Construction contracts sometimes include directives, instructions or limitations on how the contractor must accomplish the work. This gives the project owner more control. But it also can create liability if these directives are interpreted to extend an implied warranty to the contractor. A recent case from the federal Armed Services Board is an example.
Environmental advocates scored a victory in California when voters there defeated Proposition 23, a ballot initiative that would have suspended the state's Global Warming Solutions Act of 2006 (A.B. 32). The law was designed to promote a reduction in building energy use, among other things, in an effort to reduce greenhouse-gas emission (GHG) levels in the state to 1990 levels by 2020.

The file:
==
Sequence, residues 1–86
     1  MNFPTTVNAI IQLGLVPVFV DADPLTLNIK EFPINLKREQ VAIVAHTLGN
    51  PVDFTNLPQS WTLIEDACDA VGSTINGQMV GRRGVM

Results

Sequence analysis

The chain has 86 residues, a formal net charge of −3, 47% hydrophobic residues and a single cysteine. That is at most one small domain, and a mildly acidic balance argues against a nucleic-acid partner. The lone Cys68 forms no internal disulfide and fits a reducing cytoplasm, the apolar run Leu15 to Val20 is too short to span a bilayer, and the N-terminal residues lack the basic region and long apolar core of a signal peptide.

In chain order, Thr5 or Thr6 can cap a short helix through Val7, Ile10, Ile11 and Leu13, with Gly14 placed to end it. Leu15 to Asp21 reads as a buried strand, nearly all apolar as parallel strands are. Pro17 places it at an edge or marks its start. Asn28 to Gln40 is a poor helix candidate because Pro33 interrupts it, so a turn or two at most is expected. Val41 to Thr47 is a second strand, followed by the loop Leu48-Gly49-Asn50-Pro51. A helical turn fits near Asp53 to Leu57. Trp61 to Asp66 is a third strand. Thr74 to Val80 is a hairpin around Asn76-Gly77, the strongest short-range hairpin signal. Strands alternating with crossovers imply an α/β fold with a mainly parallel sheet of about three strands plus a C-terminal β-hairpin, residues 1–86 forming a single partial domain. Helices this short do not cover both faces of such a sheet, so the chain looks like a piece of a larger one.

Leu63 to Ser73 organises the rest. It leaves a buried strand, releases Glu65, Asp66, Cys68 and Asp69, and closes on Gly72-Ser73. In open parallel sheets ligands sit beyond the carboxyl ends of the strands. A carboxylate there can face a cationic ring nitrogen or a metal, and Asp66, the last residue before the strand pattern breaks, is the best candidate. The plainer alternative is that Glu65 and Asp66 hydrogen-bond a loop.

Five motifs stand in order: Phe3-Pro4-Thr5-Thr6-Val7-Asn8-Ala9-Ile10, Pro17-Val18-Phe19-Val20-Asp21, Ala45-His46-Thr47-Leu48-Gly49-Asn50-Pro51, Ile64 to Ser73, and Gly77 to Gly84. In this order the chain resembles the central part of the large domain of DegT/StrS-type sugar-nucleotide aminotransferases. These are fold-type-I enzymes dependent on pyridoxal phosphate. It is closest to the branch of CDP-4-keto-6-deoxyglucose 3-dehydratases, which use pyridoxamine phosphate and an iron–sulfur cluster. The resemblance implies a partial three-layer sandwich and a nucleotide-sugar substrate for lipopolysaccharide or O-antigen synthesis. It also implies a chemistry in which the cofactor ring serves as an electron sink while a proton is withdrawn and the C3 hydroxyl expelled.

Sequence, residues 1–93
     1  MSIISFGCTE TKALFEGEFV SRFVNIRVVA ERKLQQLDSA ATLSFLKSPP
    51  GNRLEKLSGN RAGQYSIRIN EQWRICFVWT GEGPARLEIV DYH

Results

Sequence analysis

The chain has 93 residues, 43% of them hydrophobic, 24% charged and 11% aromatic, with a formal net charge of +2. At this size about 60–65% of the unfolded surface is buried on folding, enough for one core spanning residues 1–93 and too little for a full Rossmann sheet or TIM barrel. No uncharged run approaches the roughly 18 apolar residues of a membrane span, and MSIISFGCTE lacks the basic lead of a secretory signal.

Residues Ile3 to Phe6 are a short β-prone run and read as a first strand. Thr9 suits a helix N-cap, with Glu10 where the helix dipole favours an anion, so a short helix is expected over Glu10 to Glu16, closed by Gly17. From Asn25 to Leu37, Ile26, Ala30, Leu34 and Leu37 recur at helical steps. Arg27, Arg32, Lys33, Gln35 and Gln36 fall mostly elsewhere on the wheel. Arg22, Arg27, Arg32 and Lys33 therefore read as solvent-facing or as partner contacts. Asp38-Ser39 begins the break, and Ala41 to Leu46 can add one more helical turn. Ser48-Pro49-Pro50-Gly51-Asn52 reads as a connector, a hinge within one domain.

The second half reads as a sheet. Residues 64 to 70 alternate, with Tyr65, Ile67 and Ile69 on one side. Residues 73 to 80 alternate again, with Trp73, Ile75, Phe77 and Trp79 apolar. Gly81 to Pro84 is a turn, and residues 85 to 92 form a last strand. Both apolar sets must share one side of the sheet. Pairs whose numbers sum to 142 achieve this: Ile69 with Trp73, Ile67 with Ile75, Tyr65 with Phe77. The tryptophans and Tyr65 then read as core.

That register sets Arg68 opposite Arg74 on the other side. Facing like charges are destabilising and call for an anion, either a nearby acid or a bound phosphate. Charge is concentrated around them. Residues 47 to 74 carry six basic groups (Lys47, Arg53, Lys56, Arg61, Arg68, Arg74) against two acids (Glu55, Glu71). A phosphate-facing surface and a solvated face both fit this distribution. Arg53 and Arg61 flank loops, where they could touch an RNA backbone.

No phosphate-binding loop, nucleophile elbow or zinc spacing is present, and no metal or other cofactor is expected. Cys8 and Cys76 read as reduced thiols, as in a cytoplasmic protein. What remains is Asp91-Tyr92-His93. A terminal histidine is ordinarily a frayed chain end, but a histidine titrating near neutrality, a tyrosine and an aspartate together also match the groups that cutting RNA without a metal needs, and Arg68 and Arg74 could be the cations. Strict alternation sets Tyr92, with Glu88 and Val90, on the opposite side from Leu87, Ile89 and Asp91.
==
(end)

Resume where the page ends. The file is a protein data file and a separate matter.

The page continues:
The American Institute of Architects' California Council (AIACC) Nov. 5 reported that it "is pleased with the California voters' decision to reject Proposition 23 and not suspend the implementation of California's landmark greenhouse-gas-reduction law.